Teachers Lesson Plans

Real Life - Guy Ben-Ner and Ron Mueck

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What is the creative process of the artist?

When looking at a Ron Mueck's work, what is striking is the hyperrealism of his sculptures. They have a magical, lifelike quality which gives them a mysterious presence.

Each sculpture is made by the artist in his studio with only limited help for larger works. This method of "hands on" production is laborious and time-consuming and also quite rare, as sculptors past and present often have assistants or outside persons involved in some stage of moulding or casting.

From the earliest conception to the readying of casting, the artist's process is methodical. He often begins by deciding the exact pose of his subject through a series of small maquettes or studies, after which he decides on the scale through preparatory drawings.

While the maquettes and studies relate strongly to the finished work, the position of the legs and arms may differ dramatically. In each case, the viewer gains a strong sense of how ideas and material process are linked throughout the production of Mueck's sculptures.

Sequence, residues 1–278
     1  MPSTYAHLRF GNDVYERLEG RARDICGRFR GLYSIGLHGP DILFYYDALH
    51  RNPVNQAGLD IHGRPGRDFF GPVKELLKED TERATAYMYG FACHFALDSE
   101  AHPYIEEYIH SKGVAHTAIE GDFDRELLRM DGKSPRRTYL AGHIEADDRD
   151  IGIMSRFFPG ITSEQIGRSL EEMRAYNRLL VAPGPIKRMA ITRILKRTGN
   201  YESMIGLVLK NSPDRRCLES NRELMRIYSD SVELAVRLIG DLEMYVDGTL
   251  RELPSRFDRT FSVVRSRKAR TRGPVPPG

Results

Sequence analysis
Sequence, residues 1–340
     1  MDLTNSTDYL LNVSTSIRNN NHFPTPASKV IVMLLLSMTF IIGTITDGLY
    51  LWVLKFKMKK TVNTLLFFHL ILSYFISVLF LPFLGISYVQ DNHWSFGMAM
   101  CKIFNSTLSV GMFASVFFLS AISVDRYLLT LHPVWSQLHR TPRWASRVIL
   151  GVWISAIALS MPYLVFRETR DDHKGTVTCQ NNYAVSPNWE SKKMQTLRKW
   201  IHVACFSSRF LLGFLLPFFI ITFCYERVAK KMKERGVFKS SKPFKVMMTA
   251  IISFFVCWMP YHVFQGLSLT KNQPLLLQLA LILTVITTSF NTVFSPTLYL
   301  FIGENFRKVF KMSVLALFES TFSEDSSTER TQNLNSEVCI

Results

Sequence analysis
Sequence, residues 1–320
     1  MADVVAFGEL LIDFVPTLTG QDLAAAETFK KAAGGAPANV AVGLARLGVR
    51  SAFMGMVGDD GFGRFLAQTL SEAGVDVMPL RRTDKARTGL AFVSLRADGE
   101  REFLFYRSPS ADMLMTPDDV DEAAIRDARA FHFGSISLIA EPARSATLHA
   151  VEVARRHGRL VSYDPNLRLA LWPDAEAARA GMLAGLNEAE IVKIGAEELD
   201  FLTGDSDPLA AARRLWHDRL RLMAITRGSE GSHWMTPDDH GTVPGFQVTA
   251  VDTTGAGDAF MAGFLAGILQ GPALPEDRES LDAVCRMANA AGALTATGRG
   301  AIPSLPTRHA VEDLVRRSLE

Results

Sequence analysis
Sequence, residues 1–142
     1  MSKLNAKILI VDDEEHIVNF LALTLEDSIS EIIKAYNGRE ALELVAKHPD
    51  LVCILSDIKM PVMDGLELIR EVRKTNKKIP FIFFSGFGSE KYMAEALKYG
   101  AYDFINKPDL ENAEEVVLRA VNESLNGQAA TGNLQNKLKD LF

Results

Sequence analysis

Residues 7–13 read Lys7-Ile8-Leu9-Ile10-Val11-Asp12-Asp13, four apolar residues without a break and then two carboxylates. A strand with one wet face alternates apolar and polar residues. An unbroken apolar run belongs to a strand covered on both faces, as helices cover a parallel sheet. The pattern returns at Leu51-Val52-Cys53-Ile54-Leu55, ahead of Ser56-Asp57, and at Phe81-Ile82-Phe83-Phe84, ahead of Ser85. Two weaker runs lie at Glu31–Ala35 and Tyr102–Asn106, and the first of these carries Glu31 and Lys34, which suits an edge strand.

Look, for example, at Study for "A Girl". In the study, the newborn is lying on her side, arms and legs slightly bent, body relaxed. We could imagine that she is sleeping. Now compare this with A Girl. The subject is the same but the body language could not be more different. In the finished large-scale work, the tense, rigid posture of the body, the aggressively clenched fists and the angry expression of the face with its one open eye glaring at the onlooker seem to radiate combativeness. It look as if the little girl is about to enter a world where she has to be ready for the worst and where people are not to be trusted.